Social media defectors

Experts express concern for persistent social media use

Savannah Dupper

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November 21, 2019
Artist Pawel Kuczynski exhibits a satirical depiction of social media’s contribution to society’s lack of physical interaction. Studies reveal 24 percent of teens acknowledge using their devices almost constantly.

Artist Pawel Kuczynski exhibits a satirical depiction of social media’s contribution to society’s lack of physical interaction. Studies reveal 24 percent of teens acknowledge using their devices “almost constantly.”

For most teenagers, social media represents a routine part of everyday life. The modern generation, devout users of technology, are often considered social media addicts. But for every teen glued to a screen, an increasing number of social media defectors are turning their backs on technology.

A minority of Cathedral Catholic High School students abstain from social media for academic and emotional reasons.

“People are usually surprised to hear I don’t have social media,” CCHS student Ceci Bacich ‘20 said. “It’s just so normal that people don’t think twice about it until they meet someone without it.”

According to a 2015 Pew Research Center report, 92 percent of teenagers surf online daily, including 24 percent who claim they use their devices “almost constantly.” But such persistent use often calls into question the possible adverse effects of social media and the possible benefits of life without it.

A recent University of North Carolina Chapel Hill study found only 5 to 15 percent of kids ages 13-17 swear off social media. Despite popular belief, teenagers who stay offline are not foreigners to social media or to popular culture; instead, they choose to forgo online interaction to avoid procrastination, self-esteem issues, and feelings of isolation.

“I am confident that social media would cause me more personal harm than good,” Bacich said. “I think it would become another place to procrastinate, because I can see myself wasting time on it and falling behind on my studies. But more importantly, it could become another platform for unneeded comparison and judgement.”

The Social Pilot, a social media managing agency, estimates users share more than 95 million photos on platforms, such as Instagram and Facebook, every day. People on Instagram with numerous followings and large spheres of influence are often celebrities, models, and moguls, who portray an unrealistic lifestyle to their followers.

Although most social media posts do not reflect reality, they still impact young people who base their self-worth on their online experience.

“Since social media is primarily a view of the best parts of someone’s life, it can lead people to compare themselves negatively to others,” psychologist Dr. Erica Wollerman said. “Their perception of what life is like for most people becomes skewed.”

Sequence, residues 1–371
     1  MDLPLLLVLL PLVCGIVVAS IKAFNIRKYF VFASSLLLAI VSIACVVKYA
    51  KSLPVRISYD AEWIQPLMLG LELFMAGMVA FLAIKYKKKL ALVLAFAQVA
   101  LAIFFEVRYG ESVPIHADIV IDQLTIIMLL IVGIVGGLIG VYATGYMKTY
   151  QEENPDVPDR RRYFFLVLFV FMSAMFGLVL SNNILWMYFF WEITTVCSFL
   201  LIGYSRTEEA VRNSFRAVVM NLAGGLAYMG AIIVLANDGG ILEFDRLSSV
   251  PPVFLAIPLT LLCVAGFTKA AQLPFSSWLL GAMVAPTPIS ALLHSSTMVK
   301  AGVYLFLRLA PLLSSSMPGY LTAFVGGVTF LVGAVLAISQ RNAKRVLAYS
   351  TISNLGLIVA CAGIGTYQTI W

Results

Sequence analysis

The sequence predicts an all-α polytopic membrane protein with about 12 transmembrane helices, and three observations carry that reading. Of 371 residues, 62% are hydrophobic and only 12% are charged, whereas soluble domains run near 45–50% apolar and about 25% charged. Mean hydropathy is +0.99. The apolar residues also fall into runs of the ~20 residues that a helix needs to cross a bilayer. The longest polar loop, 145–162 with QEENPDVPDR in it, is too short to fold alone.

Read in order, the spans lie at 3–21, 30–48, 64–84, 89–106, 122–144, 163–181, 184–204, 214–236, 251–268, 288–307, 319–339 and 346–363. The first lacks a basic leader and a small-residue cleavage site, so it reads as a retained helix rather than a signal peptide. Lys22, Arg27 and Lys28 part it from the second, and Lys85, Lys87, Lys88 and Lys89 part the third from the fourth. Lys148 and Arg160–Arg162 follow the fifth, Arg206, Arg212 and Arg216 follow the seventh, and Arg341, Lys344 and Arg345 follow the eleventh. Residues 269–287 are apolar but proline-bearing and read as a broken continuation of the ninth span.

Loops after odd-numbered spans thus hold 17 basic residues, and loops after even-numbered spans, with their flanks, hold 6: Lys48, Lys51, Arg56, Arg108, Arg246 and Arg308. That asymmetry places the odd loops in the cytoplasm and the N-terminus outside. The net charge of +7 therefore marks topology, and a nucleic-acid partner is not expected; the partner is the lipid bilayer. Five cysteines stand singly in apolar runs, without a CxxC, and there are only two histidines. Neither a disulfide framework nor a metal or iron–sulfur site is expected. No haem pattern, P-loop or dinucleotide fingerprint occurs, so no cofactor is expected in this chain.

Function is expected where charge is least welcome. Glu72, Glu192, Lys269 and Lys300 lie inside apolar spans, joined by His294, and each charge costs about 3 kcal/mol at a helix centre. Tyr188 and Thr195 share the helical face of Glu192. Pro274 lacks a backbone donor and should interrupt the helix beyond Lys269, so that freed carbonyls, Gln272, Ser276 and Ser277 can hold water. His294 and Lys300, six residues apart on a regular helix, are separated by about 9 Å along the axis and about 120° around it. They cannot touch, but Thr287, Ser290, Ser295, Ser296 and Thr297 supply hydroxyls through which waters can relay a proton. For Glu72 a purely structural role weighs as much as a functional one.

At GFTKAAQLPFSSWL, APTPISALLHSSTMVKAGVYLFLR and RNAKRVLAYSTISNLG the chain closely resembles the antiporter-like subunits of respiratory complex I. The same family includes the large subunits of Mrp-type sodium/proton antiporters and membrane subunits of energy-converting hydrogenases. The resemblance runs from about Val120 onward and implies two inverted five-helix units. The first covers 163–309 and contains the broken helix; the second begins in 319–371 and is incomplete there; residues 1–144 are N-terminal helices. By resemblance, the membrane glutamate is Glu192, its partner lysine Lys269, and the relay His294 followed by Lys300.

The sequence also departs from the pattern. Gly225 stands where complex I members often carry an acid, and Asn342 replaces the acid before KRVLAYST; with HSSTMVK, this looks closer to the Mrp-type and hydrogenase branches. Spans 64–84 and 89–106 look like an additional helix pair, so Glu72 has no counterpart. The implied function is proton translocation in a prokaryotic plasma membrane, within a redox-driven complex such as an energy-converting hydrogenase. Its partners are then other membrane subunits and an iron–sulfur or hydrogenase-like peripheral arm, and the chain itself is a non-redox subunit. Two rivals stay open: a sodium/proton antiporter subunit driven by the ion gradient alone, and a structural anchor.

Recognizing the adverse impression social media imprints on teenagers provides motivation to avoid social media altogether, Bacich said.

“What we choose to expose ourselves to and spend hours of accumulated time on, shapes and changes the way we think,” Bacich said. “I think after being on social media for a while, I would be tempted to form judgements purely based on what people present on their profiles.”

Moreover, the idea social media fails to cultivate physical connection contributes to diversion from the relentless pursuit of likes and comments.

“People often feel forced to be connected with a large group of people to look more interesting and popular, but sometimes they don’t even know each other,” CCHS student Cindy Graf ‘20 said. “That aspect of social media always turned me off from it.”

Besides altering human interaction, social media warps the importance of verbal and nonverbal conversational cues. According to Forbes magazine, only 7 percent of communication is based on the verbal word, while more than 90 percent of communication is based on nonverbal cues, such as body language and eye contact.

Social media eliminates face to face interaction, a staple in society, which can significantly impact people’s ability to read basic social cues, Dr. Wollerman said.

“When you can edit your comments and appearance, you get used to being able to cultivate what others will think about you, and that is not possible in face to face interactions,” Dr. Wollerman said.

Although social media can be a positive online community where people connect with each other, it does not hold more of an allure than real-life connections and friendship, Bacich said.

“Not having social media has always been a personal choice,” Bacich said. “It’s one I’ve thought about a lot, and one that I continue to be confident in [not doing].”